Hypothesis: Revision shoulder arthroplasty represents a complex and difficult problem for the treating surgeon, with multiple potential complications. In the setting of a well-fixed humeral component, removal can lead to fractures and compromise the outcome of the revision. The current study describes and evaluates the results of a novel vertical humeral osteotomy (VHO) for stem extraction. We hypothesized that the VHO will enable successful stem extraction without perioperative or postoperative fractures.
Materials and methods: Twenty-seven patients were retrospectively identified who had a VHO for revision shoulder arthroplasty, with 23 patients available for final follow-up. Records and radiographs were reviewed for postoperative complications. Final follow-up was completed with the inclusion of shoulder scores.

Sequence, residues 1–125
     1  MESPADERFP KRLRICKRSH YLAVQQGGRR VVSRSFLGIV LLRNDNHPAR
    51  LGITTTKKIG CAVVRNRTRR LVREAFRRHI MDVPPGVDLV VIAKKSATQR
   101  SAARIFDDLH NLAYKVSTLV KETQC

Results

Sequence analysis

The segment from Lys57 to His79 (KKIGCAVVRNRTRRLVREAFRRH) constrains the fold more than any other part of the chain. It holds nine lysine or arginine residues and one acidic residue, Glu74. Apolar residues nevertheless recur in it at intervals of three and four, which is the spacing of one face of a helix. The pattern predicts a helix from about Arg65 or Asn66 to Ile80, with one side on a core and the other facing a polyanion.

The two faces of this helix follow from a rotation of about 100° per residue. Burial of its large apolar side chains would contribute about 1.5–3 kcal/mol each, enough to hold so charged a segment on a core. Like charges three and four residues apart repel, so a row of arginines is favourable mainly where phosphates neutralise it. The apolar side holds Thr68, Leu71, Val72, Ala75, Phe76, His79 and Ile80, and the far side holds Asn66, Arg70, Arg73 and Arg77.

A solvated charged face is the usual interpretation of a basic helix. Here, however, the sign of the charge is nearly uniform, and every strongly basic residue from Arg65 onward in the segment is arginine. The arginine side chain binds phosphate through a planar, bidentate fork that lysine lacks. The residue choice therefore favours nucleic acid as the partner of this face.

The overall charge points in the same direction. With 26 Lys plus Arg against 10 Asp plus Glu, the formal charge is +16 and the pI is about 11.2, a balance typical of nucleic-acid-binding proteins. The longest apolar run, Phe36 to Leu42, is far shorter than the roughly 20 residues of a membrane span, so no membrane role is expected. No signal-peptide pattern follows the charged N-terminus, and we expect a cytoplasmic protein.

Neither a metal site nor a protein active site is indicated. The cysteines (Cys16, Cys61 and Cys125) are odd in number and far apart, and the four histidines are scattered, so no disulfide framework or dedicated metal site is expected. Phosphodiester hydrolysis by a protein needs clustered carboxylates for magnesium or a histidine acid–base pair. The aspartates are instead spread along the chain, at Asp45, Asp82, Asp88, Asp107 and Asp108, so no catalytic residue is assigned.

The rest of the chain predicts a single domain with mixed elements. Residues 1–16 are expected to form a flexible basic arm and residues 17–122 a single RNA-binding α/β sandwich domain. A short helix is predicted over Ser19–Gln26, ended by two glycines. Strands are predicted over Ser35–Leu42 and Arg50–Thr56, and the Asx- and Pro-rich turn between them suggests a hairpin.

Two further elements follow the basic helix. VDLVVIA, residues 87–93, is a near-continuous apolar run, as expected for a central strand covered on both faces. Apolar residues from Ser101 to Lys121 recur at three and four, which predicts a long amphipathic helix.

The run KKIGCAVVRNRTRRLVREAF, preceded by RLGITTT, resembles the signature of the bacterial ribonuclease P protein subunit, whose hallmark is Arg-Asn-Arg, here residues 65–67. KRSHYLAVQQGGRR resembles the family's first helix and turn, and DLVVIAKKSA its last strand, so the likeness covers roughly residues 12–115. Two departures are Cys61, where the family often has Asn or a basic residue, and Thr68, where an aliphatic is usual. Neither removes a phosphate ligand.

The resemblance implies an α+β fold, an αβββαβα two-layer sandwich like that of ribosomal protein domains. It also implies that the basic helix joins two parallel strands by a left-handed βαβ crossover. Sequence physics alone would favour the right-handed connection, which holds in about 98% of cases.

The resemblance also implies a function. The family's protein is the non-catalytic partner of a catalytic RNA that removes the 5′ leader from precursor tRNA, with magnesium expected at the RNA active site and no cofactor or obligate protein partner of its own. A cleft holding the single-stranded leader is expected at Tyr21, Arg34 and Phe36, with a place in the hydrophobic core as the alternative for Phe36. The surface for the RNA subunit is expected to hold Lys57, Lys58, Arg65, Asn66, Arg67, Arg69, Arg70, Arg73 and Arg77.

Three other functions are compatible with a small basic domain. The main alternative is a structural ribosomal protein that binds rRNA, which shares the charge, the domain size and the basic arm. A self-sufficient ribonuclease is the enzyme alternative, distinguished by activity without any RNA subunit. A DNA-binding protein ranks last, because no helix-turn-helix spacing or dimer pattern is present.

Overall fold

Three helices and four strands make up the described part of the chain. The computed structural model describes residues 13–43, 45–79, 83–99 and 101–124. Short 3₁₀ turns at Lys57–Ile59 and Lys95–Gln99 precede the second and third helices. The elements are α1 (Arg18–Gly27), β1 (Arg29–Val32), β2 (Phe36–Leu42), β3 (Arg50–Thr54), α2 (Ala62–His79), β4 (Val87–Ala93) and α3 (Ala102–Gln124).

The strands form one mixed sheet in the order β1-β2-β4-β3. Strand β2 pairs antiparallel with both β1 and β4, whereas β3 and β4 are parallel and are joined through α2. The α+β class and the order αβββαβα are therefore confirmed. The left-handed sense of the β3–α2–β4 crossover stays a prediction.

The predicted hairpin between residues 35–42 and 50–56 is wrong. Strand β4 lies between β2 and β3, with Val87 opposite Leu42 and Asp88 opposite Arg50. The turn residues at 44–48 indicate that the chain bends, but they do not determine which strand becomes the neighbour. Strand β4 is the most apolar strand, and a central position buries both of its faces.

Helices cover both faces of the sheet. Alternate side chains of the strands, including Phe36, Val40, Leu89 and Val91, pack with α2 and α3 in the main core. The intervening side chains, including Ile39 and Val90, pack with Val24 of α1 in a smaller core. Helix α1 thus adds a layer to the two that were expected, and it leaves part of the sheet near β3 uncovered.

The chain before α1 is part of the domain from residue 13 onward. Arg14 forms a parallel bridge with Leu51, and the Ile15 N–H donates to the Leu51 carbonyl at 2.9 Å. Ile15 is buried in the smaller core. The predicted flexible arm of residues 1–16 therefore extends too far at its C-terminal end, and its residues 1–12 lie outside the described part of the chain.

Results: There were no perioperative or postoperative fractures on clinical examination and radiographic review at an average follow-up of 41 months. Average American Shoulder and Elbow Surgeons (ASES) score was 64.7 (contralateral ASES, 76.9), average Simple Shoulder Test was 6.3, and the visual analog score pain average was 1.3. There were no instability events.
Discussion: The glenoid is the more common site for failure in both hemiarthroplasty and total shoulder arthroplasty. This can lead to a difficult revision procedure if the ingrown or cemented humeral stem requires removal.
Conclusion: In the current study, we found the VHO was an effective tool for the removal of the humeral prosthesis with no perioperative or postoperative fractures.
Copyright © 2011 Journal of Shoulder and Elbow Surgery Board of Trustees. Published by Mosby, Inc. All rights reserved.